First-strand cDNA synthesis was performed using oligodT primers and the Superscript II Reverse Transcriptase System ( Fermentas, Sanktleon-rot, Germany ). Briefly, reverse transcription was performed according to the recommended method ( incubation for 60 minutes at 42˚C and termination of the reaction by heating at 70˚C for 5 minutes ). cDNA was amplified by RT-PCR using the prepared cDNA, forward and reverse primers of human VEGF, VEGFR1, VEGFR2 and β-actin ( Metabion, Martinsried, Germany ), and Platinum Blue PCR Super Mix ( Invitrogen, Paisley, UK ). Primer sequences used in this study are shown in table 1. β-actin was used as the housekeeping gene.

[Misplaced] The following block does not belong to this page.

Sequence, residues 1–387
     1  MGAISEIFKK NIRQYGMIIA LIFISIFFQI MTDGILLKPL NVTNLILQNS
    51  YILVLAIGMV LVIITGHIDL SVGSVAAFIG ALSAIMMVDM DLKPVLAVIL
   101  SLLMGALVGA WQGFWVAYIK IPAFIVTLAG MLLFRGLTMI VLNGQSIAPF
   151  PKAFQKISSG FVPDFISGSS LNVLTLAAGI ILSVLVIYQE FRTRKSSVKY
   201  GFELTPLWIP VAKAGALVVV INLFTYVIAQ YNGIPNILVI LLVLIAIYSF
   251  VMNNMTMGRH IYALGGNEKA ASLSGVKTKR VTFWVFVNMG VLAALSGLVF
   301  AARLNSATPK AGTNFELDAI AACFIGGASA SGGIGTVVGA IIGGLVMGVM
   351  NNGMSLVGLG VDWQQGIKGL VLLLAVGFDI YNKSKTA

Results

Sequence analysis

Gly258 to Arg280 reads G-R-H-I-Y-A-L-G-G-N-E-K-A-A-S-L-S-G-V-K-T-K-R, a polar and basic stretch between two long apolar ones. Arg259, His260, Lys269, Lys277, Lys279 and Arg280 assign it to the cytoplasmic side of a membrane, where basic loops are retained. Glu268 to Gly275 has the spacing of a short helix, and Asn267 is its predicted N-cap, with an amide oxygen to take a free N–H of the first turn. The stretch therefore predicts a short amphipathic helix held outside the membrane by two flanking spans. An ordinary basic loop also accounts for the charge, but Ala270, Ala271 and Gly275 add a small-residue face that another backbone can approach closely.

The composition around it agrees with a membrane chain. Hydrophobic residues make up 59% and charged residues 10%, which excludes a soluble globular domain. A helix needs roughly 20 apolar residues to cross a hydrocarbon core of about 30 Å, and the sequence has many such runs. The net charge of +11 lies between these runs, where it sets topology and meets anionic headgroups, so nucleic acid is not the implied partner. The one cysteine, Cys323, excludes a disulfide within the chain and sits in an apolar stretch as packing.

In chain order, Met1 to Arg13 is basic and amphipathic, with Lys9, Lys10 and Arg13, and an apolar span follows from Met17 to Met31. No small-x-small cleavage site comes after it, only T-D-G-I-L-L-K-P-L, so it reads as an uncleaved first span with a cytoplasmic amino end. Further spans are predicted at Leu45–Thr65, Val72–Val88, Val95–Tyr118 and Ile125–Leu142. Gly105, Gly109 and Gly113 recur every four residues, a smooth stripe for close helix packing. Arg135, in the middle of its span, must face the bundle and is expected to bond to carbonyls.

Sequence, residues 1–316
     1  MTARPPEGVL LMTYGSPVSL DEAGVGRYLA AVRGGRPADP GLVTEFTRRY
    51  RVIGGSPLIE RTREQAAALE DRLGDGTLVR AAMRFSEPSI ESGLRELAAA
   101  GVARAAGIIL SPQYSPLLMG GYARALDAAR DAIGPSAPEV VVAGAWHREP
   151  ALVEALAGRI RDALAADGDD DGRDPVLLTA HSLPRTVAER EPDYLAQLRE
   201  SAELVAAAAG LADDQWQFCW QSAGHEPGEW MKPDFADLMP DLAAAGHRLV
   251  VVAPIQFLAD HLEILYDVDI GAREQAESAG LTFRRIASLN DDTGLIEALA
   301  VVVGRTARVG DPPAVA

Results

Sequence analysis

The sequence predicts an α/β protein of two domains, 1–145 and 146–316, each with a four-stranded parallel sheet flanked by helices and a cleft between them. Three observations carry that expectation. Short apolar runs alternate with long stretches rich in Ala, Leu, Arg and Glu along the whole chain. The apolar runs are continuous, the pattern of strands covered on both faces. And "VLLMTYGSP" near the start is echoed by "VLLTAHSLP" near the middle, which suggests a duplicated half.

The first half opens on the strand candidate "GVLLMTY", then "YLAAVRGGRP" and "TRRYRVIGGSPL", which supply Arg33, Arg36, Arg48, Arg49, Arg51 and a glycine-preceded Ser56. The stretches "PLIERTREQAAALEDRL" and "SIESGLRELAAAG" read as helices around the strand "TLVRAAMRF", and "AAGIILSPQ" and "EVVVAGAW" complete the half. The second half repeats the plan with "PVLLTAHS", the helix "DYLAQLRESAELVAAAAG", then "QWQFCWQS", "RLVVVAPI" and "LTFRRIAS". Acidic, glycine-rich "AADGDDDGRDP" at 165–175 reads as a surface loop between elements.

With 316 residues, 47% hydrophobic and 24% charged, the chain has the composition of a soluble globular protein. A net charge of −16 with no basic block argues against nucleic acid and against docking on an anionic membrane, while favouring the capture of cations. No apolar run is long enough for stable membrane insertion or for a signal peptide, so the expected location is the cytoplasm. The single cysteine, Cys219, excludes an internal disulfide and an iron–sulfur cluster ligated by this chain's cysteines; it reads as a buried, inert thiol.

Cycling conditions were continued for 40 cycles as follows: 5 minutes at 95˚C for initial denaturation, followed by 40 cycles of 45 seconds at 95˚C, 45 seconds at 60˚C and 45 seconds at 72˚C. Reactions were also amplified in the absence of reverse transcriptase as negative RT controls. Human placenta samples were used as the positive control (41) while non template water was used as the negative control. PCR products were subjected to electrophoresis on 1.7% agarose gel ( Sigma, UK ) that contained ethidium bromide and visualized under ultraviolet ( UV ) light to capture image.
Quantitative PCR (Q-PCR)